In No god but God, Aslan challenges the Â“clash of civilizationsÂ” mentality that has distorted our view of Islam and explains this critical faith in all its complexity, beauty, and compassion.
Irshad Manji has plenty of enemies among her fellow Muslims. Her critique of Islam is frank and fierce. She defends the invasion of Iraq. She sympathizes with Israel. She’s a lesbian and doesn’t try to hide it.
“Then there is the hair,” she adds, referring to the spiky highlights that sharpen her live-wire manner.
What has brought this Uganda-born Asian-Canadian to prominence is her book, “The Trouble With Islam Today,” just out in paperback in the United States where she has been touring and talking.
As you can imagine, a practicing Muslim with such unique views might be a product of an unusual background.
The events that shaped Manji’s views date to her childhood.
She was born to parents of Indian and Egyptian descent who were among thousands of Asians expelled from Uganda by dictator Idi Amin in 1972, who saw them as outsiders imported by the country’s British colonialists.
Her family landed in the Vancouver suburb of Richmond, where her mother first sold Avon products and then worked as a cook for an airline. Her father was a carpenter, then a real estate agent. The parents divorced 19 years ago and she has had no contact with her father since. In her book she describes him as physically abusive.
Manji was 4 when her father put her in a free baby-sitting service at Rose of Sharon Baptist Church. She said her stream of questions about Jesus were met with encouraging smiles by the woman who supervised the Bible study.
“She made me believe my questions were worth asking,” Manji writes. “Maybe that’s what motivated me, at age 8, to win the Most Promising Christian of the Year award.”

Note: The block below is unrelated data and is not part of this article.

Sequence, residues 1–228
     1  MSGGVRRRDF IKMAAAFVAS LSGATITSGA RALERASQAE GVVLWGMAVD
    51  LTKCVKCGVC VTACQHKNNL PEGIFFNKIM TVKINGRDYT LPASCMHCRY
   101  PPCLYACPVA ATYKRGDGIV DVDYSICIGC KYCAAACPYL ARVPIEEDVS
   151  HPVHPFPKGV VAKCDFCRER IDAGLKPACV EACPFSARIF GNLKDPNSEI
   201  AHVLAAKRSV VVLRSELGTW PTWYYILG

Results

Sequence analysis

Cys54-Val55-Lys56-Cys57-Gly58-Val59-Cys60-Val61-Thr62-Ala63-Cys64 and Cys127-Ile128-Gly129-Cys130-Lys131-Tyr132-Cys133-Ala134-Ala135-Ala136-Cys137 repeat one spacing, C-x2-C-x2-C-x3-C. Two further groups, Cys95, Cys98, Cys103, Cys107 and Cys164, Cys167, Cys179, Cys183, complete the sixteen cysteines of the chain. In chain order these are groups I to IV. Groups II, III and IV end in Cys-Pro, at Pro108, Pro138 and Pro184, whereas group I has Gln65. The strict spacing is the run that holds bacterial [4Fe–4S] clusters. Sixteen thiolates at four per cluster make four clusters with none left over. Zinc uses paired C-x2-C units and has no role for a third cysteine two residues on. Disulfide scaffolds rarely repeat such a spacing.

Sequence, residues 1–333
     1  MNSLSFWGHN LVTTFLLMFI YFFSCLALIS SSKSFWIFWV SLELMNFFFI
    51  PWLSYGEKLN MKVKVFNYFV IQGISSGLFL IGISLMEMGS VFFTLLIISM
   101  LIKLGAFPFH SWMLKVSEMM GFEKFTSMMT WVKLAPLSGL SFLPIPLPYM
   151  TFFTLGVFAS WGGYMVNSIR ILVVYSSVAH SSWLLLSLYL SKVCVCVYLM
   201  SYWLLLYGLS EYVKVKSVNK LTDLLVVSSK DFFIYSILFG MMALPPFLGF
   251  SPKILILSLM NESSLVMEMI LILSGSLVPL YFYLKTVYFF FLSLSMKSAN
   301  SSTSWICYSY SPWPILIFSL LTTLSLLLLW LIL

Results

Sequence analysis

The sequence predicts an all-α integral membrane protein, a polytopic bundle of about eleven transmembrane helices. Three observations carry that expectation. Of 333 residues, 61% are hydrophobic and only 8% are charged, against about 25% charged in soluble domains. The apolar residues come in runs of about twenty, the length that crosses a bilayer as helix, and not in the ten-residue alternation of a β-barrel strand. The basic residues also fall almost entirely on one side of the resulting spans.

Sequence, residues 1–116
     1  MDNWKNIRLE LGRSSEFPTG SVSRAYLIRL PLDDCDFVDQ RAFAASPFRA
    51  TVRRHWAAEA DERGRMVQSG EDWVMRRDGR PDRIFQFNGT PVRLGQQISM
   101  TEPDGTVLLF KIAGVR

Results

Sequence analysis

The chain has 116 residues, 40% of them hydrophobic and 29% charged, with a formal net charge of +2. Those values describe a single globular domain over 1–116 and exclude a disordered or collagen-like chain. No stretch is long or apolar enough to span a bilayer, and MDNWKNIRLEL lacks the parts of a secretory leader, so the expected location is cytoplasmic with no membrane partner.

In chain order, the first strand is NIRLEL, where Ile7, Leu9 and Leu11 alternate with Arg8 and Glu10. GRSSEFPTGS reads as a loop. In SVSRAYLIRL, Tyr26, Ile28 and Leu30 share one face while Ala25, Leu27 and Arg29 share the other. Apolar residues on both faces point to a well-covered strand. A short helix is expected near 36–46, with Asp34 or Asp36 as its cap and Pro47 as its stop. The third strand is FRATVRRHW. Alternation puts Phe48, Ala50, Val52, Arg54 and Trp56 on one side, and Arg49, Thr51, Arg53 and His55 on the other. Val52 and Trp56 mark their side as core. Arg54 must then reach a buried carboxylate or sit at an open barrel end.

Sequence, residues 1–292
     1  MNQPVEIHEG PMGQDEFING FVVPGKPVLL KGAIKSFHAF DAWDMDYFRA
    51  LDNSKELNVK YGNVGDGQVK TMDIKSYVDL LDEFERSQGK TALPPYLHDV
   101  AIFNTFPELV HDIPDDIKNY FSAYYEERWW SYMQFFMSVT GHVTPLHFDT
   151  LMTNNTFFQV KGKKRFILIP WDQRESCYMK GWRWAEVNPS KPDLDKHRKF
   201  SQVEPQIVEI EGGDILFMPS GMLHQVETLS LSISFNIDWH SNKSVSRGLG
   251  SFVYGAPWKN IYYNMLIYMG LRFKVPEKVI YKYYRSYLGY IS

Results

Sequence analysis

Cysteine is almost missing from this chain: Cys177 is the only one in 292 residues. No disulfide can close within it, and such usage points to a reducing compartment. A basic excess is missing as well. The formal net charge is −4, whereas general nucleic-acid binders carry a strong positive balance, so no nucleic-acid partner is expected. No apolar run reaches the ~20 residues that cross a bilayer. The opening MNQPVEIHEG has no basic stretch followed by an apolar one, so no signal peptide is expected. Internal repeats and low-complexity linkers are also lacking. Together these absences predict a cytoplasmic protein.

Manji often finds herself in the unenviable position of defending herself both against liberals and “mainstream Islam.”
She recently showed off her two-fisted style on HBO’s “Real Time With Bill Maher,” going up against liberal co-panelists to defend the invasion of Iraq as a human rights issue Â— the only way Saddam Hussein’s brutal regime could be toppled. To the argument that Iraq was never a threat to the United States she replied that this was the kind of reasoning that ignores the suffering of people living under Middle East dictatorships. “In the last 100 years alone,” she says, “more Muslims have been tortured and murdered at the hands of other Muslims than at the hands of any former imperial power.”
I am sure you are wondering the same thing as me, right? When is the Fatwa coming?
She says that when she met Rushdie in Toronto, he told her: “Whenever a writer puts out a thought, it can be disagreed with Â— vigorously, vehemently, even violently. But it cannot be un-thought. And that is the great, permanent gift that the writer gives to the world.“
A professor of religion at San Diego State University says the following about Manji:
“She threatens my male authority and says things about Islam that I wish were not true. She has a big mouth, and fact upon fact to corroborate her analysis. … She is a lesbian, and my madrassa training has instilled, almost into my DNA, that Allah hates gays and lesbians. I really should hate this woman.
“But then I look into my heart and engage my mind, and I come to a discomfiting conclusion: Irshad is telling the truth.”